- adj. Situated or lying in or towards the east; eastward.
- adj. meteorology wind from the east
- adj. Of or pertaining to the east; eastern.
- adj. From the East; oriental.
- adv. towards the east; eastwards
GNU Webster's 1913
- n. The point in the heavens where the sun is seen to rise at the equinox, or the corresponding point on the earth; that one of the four cardinal points of the compass which is in a direction at right angles to that of north and south, and which is toward the right hand of one who faces the north; the point directly opposite to the west.
- n. The eastern parts of the earth; the regions or countries which lie east of Europe; the orient. In this indefinite sense, the word is applied to Asia Minor, Syria, Chaldea, Persia, India, China, etc.
- n. (U. S. Hist. and Geog.) Formerly, the part of the United States east of the Alleghany Mountains, esp. the Eastern, or New England, States; now, commonly, the whole region east of the Mississippi River, esp. that which is north of Maryland and the Ohio River; -- usually with the definite article.
- adj. Toward the rising sun; or toward the point where the sun rises when in the equinoctial
- adj. (Eccl.) Designating, or situated in, that part of a church which contains the choir or chancel.
- adv. Eastward.
- v. To move toward the east; to veer from the north or south toward the east; to orientate.
- adv. to, toward, or in the east
- n. the countries of Asia
- n. the region of the United States lying to the north of the Ohio River and to the east of the Mississippi River
- adj. situated in or facing or moving toward the east
- n. the cardinal compass point that is at 90 degrees
- n. a location in the eastern part of a country, region, or city
- n. the direction corresponding to the eastward cardinal compass point
- From Middle English est, from Old English ēast, from Proto-Germanic *austan, from Proto-Indo-European *aus-. Compare West Frisian east, Dutch oost(en), German Ost(en), Norwegian aust. (Wiktionary)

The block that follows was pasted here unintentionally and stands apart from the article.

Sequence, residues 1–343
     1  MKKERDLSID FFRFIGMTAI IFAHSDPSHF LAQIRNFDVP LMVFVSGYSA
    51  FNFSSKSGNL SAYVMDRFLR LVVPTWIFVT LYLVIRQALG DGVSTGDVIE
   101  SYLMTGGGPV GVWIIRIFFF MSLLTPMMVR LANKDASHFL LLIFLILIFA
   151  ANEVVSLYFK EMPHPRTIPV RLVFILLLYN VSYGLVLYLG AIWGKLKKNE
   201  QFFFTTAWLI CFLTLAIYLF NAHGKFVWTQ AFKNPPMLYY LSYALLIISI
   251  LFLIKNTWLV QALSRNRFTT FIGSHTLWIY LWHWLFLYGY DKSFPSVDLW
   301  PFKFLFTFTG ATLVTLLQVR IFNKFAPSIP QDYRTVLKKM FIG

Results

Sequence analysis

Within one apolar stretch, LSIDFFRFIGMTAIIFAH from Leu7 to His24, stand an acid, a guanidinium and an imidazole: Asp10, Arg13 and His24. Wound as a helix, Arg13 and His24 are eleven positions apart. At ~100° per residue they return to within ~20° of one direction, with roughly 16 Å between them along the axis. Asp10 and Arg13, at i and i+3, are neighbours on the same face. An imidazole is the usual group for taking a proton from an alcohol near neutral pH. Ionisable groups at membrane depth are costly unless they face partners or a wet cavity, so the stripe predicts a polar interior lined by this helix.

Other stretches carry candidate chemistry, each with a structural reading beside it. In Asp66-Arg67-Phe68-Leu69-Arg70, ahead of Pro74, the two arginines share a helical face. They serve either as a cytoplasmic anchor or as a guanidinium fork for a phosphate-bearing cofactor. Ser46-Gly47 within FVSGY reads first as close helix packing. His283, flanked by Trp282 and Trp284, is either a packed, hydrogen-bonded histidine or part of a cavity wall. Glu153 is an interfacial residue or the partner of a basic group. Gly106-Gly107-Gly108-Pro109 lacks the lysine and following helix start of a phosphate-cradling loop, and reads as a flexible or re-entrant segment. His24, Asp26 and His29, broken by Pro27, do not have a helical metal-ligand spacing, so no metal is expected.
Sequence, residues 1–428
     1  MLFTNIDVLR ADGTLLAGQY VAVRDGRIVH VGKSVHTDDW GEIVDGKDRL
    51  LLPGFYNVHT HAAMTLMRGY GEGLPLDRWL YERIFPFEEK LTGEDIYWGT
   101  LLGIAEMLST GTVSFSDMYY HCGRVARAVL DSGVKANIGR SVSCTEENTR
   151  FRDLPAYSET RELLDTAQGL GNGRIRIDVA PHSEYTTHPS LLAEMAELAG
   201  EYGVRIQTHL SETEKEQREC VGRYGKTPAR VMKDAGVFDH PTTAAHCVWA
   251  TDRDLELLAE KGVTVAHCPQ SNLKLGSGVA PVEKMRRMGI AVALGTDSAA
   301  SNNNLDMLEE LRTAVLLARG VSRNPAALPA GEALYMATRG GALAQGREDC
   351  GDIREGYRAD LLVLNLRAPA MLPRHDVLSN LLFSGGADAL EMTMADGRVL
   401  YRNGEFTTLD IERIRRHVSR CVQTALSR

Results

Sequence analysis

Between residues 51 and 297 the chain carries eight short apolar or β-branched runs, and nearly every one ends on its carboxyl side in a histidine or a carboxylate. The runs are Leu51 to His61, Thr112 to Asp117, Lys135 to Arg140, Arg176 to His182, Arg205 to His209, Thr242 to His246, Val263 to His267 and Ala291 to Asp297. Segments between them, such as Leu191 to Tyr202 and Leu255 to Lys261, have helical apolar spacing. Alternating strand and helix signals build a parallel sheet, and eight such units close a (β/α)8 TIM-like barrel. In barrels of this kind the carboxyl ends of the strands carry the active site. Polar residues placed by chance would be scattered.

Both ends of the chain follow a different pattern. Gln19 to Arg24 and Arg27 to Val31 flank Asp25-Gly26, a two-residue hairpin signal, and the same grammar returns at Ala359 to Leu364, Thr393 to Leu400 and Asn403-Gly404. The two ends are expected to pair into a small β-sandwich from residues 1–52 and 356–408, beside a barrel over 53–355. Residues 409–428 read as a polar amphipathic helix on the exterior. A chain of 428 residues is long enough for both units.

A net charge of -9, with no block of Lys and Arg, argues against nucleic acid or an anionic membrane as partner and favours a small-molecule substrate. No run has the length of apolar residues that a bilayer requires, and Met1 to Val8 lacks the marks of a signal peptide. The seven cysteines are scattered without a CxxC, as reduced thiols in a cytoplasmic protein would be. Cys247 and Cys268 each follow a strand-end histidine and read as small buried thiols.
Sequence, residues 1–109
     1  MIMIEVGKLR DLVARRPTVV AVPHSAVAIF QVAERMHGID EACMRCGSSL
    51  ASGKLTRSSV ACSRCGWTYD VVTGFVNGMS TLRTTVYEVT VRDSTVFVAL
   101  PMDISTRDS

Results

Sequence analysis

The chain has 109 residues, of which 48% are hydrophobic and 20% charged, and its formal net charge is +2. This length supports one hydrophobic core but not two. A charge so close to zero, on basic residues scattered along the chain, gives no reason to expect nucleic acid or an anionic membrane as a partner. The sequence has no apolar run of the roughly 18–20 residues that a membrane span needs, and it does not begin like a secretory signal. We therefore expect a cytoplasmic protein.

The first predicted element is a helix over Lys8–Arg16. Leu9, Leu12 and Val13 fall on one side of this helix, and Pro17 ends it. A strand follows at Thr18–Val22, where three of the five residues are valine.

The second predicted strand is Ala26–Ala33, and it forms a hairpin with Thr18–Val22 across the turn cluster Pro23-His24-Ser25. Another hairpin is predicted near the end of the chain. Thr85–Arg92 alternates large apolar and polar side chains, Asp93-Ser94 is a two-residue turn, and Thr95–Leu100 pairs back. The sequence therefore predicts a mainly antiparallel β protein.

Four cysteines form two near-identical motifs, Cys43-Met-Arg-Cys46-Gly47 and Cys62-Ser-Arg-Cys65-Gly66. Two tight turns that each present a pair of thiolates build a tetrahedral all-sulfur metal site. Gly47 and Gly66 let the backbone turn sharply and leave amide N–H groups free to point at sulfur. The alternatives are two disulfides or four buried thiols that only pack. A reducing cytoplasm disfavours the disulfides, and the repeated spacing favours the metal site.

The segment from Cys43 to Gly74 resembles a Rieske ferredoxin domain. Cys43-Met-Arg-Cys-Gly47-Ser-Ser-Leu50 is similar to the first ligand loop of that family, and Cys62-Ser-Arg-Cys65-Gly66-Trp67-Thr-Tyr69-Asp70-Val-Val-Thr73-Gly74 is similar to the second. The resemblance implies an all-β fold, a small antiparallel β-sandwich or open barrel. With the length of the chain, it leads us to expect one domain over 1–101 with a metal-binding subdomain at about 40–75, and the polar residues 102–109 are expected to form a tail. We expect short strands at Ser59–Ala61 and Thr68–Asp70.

- Middle English est, from Old English ēast. (American Heritage® Dictionary of the English Language, Fourth Edition)
“It needs no labored argument to prove that the concept of plurality is here hardly less concrete than that of location in the east, and that the Yana form corresponds in feeling not so much to our They burn in the east (ardunt oriente) as to a Burn-several-east-s, it plurally burns in the east, an expression which we cannot adequately assimilate for lack of the necessary form-grooves into which to run it.”
“A little south of east the constellation of the Scorpion was fully up, with red Antares glowing in its neck; while dominating, majestic Jupiter swam, an hour and a half risen, in the east (no moon till after 11.)”
“Well, and ain't we goin 'due north just now, so that the coast lies away on our left, an' for the last three hours you've bin bearin 'away to the _right_, something like nor' and by east, if it's not nor '_east_ an' by east, the coast being all the while on yer port beam, you grampus -- that's so, ain't it?”
“Seven drain east from the massifs into the sands of the Ténéré.”
“Several blocks walk along Hidalgo Avenue to the east is the former convent of San Francisco, dating from the seventeenth century, now the Rafael Coronel museum with many fine collections including a world-class collection of masks and a display of nineteenth century puppets.”
“Further east is a less direct and slower route, which affords more sight-seeing possibilities.”
“Farther east is a state boat ramp at Barn Island near Stonington.”
“To the east is a bog full of quicksands and tainted water.”
“And then the rest of the Gulf Coast to the east is a disaster.”
“He's over in condemned row two, which we call the east block.”